The work-from-home purchases in Q1 and 2 are partially highlighted by the PC and smartphone forecasts by IDC and Gartner. The PC market fell between 9.8% and 12.3% in Q1 2020, according to research firms Gartner and IDC. The Gartner press release stated that the “work from home trend saves the PC market from collapse”. Thus, the current PC handheld forecasts are actually better than they would be if there had not been a rush to purchase laptops during the COVID shutdowns. This also suggests that restocking needs to take place when supply chains are up and working again, but the analysts’ outlook would suggest that it would be slow and steady rather than a rush to fill the shelves resulting in a decline in compute and mobile devices for the year.
TSMC reported good numbers for Q1 2020 but commented they foresee the rest of the year will be flat, and that there were cancelations of Q3 orders. With the timing of the quarterly call and the commerce department announcements of constraints of doing business with Huawei, it is difficult to tell if this was a foreshadowing of the commerce department’s decisions. Even more interesting is a recent report from the Asia Nikkia weekly that Huawei has stockpiled 2 years’ worth of critical semiconductors, which may be one reason for the TSMC and compute numbers being as strong as they were in Q1 earnings reports.
Semiconductor Industry Outlook
On June 2, 2020, SEMI reported Q1 semiconductor equipment billings. The good news is that it is up 13% year over year, a growth of $1.78 billion, but the bad news is that it declined 13% or 2.23 billion from Q4 2019. The June 9th, second-quarter 2020 update of the SEMI World Fab Forecast report gives a 2020 forecast of down 4% for front end equipment: however, the forecast is for a robust recovery in 2021 of 24% YoY growth. Figure 2 shows equipment sales are expected to grow strongly in the second half of the year.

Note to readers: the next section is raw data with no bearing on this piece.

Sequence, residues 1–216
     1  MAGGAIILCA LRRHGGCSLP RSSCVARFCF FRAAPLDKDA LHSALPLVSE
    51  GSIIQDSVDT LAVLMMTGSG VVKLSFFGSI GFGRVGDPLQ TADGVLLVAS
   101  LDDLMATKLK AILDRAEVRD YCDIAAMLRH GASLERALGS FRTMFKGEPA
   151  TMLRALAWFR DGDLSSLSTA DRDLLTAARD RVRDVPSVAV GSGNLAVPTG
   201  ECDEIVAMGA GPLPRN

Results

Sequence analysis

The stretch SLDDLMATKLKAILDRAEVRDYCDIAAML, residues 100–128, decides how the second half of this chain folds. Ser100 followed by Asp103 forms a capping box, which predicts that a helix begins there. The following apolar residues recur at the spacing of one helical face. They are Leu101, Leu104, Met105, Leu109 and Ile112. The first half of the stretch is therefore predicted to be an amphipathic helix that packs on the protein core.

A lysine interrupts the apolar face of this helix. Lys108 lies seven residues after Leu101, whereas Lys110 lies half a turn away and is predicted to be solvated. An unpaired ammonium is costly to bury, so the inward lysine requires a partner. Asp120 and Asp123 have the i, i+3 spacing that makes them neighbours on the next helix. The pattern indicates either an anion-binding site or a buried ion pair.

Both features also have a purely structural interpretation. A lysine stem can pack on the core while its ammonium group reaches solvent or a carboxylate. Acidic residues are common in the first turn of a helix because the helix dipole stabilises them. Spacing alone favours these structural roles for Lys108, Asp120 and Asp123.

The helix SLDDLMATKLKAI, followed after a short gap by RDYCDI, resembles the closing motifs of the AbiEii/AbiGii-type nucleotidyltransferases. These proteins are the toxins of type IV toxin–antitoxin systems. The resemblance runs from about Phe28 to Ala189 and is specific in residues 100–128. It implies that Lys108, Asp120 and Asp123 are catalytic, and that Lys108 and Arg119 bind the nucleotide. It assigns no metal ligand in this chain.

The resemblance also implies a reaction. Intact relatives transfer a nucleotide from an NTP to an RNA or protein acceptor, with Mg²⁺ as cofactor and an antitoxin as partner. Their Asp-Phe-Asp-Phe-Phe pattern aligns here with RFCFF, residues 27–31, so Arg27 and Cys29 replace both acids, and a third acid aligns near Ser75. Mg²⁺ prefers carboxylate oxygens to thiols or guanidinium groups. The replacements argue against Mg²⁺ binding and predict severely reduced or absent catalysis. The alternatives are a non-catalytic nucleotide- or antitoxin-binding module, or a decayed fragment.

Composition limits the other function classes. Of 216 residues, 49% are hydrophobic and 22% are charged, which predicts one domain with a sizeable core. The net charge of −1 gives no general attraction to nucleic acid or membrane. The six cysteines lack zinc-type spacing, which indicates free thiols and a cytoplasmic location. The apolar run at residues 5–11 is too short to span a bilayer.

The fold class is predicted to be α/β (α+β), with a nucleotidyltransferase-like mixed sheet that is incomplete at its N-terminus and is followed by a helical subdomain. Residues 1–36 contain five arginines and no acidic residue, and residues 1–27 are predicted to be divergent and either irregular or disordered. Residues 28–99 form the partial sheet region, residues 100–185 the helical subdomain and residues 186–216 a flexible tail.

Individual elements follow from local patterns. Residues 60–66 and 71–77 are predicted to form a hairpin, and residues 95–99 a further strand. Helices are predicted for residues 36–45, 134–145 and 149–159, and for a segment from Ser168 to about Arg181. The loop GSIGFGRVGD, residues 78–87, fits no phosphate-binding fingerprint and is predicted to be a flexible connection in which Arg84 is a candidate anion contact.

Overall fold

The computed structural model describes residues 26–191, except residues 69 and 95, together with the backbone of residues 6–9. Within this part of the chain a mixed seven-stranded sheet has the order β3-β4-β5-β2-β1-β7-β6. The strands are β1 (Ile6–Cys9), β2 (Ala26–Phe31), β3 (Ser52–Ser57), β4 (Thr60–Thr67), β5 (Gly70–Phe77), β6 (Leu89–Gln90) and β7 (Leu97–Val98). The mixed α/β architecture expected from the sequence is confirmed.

The World Semiconductor Trade Statistics (WSTS) forecast was released on June 9th, revising the 2020 semiconductor forecast they made in December of 5.9% growth to 3.3% growth, which is currently at the high end of the semiconductor forecasts. However, the WSTS report was released in June, whereas most of the other organizations had released forecasts earlier in the quarter, so they have had longer to look at the situation and develop their assumptions.
If like when judging a diving contest, you throw out the top and bottom scores the range is -4.2% to +2.52%, which averages to a negative 0.5%, if this holds, 0 +/- 5% growth isn’t a bad thing for the semiconductor industry in 2020 all things considered.
From an equipment perspective there exists a fairly large spread, VLSI Research has updated its forecast to a positive 7.3% but this also includes the service component, which typically is stronger in a year with low equipment sales. As pointed out above SEMI is forecasting 4% growth in 2020, dependent upon when the upswing starts. In presentations at finance conferences both Lam Research and Applied materials suggested that Q2 would be stronger than Q1, but neither company was willing to comment on a longer-term outlook.
From this analyst’s perspective, the strength or weakness of 2020 will depend if the top semiconductor manufacturers keep to their Q1 and Q2 Cap-ex proposals, and nothing gets in the way to prevent the worldwide economy from continuing the electronics industry recovery from the shutdown in Q1 and Q2 of 2020.